pollinator garden with Blazing Star blossoms

Blazing Star Award

Communities across Minnesota are finding innovative ways to protect the environment and solve complex problems. From restoring our native prairies in the most southern parts of the state to safeguarding our northernmost forest, Minnesotans care about the conservation legacy we leave behind. Conservation Minnesota wants to celebrate the critical role communities play in preserving each corner of the state, which is why we’ve created the Blazing Star Award.

Blazing Star Award from Conservation Minnesota

Blazing the Way in Conservation

The Blazing Star Award acknowledges local governments for exciting projects that advance conservation, climate, or the environment. Winners are selected by a panel of judges and receive the Blazing Star award plaque, a gift, and public recognition.

Conservation Minnesota is excited for the inaugural year of our Blazing Star Award. 

The application period has ended. Winners will be announced at the end of November. 

FAQ

Who is eligible?

Any Minnesota city or county that completed a project between 2020 and 2022.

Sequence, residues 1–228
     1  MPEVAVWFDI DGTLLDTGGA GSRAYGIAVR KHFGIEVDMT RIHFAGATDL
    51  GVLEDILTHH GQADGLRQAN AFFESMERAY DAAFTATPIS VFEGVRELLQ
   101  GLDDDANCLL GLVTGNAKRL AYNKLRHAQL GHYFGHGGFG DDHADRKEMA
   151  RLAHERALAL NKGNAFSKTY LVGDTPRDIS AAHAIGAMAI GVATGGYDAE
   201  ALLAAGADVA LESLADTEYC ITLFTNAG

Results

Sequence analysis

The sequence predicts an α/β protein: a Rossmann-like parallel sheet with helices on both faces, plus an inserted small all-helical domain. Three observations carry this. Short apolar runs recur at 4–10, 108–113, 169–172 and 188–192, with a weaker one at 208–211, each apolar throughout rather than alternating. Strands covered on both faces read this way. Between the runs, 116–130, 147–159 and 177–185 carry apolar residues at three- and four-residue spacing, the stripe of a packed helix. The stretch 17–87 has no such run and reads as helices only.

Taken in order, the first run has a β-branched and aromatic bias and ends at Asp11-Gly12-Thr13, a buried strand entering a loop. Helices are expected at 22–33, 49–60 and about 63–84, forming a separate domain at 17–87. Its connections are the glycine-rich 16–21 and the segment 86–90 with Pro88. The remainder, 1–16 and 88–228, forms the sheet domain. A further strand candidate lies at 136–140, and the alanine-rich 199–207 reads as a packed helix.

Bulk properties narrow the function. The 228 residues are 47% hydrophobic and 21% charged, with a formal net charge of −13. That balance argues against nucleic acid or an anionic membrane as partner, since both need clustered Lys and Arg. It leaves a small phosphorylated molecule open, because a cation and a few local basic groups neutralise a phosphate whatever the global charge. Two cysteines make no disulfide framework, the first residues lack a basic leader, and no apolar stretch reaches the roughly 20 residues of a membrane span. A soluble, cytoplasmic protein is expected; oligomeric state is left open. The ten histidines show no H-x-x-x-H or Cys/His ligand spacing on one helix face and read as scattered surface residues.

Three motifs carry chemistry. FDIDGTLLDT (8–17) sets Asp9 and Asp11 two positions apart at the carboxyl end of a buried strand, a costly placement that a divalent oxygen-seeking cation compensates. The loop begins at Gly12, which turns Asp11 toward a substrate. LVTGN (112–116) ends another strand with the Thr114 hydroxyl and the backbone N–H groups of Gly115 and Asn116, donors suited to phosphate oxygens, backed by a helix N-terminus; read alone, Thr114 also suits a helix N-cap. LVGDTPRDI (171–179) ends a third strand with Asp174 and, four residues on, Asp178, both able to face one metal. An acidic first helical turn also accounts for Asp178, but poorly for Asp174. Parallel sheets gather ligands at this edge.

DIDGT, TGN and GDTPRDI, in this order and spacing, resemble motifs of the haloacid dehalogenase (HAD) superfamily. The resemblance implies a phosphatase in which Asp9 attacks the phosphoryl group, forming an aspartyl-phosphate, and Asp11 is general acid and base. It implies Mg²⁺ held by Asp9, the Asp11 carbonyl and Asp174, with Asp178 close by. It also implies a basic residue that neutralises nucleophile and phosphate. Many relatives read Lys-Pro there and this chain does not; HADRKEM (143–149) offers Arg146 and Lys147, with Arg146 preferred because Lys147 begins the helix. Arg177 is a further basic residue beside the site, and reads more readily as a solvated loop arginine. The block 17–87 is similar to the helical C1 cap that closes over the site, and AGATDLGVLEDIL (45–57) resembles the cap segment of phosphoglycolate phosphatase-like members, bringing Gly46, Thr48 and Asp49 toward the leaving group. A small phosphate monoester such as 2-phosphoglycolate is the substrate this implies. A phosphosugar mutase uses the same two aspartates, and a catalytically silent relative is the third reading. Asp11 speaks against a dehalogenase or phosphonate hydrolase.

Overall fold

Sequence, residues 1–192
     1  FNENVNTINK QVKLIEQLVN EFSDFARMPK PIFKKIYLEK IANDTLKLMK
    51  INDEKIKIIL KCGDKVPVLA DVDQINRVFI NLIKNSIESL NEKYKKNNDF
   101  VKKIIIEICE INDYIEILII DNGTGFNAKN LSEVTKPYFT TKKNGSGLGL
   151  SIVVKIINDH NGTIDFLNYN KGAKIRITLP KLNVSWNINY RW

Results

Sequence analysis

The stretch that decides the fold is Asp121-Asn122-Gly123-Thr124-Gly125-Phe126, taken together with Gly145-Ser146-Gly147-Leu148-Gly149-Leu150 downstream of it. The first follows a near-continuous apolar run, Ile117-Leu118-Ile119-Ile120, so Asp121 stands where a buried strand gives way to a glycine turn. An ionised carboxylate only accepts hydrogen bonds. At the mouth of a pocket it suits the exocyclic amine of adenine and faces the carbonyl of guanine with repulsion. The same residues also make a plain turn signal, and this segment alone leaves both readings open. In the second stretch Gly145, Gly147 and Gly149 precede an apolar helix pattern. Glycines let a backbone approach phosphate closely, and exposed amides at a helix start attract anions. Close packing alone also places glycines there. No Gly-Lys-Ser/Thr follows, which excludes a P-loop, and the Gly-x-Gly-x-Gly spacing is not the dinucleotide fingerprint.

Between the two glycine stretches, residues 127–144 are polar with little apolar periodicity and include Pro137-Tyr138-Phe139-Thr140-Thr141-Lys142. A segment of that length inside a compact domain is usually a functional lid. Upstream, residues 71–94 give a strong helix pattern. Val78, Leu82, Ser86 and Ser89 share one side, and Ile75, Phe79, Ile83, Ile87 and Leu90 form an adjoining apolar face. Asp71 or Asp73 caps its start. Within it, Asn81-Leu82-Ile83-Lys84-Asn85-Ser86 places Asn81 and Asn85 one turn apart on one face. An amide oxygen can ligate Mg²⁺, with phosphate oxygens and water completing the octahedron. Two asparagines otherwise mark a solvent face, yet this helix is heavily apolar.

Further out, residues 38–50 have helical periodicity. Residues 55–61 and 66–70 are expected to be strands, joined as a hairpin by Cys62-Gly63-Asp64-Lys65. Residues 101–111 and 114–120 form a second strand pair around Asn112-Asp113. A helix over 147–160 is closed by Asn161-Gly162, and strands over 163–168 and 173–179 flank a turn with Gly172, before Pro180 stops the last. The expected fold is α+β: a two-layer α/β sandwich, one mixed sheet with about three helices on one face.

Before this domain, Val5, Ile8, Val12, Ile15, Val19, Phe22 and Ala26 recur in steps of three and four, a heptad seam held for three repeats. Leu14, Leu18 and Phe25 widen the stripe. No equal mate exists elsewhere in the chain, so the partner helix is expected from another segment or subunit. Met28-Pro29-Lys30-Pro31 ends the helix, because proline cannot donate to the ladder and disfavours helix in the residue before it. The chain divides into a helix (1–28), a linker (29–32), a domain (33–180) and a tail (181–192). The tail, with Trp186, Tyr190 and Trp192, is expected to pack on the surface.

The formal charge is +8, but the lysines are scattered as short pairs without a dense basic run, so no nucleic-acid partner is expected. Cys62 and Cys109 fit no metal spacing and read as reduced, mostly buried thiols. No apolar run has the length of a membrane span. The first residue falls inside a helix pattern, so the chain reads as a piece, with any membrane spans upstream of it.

Who can enter?

Local government staff and leaders and anyone who believes their city or county should be recognized are encouraged to apply.

What types of projects are eligible?

The project should connect to conservation, the environment, or climate change.

Examples could include projects such as:

  • Promoting pollinator-friendly gardens
  • Expanding access to organics recycling
  • Working to make it easier to install solar panels on large buildings

Can I enter more than one project?

Yes, you can fill out more than one application, and local governments can apply more than once as long as each submission is for a unique project.

Bee on Blazing Star blooms

Why the Blazing Star?

We named this award after a plant native to US prairies that has characteristics we celebrate: it’s hardy, adaptable, and environmentally-friendly. The purple bottlebrush blossoms of the Blazing Star provide beneficial nectar to bumblebees and butterflies for a long stretch in late summer, and birds eat the seeds in autumn.

Have questions or want to learn more?

Contact our Local Government Program Manager, John Anderson.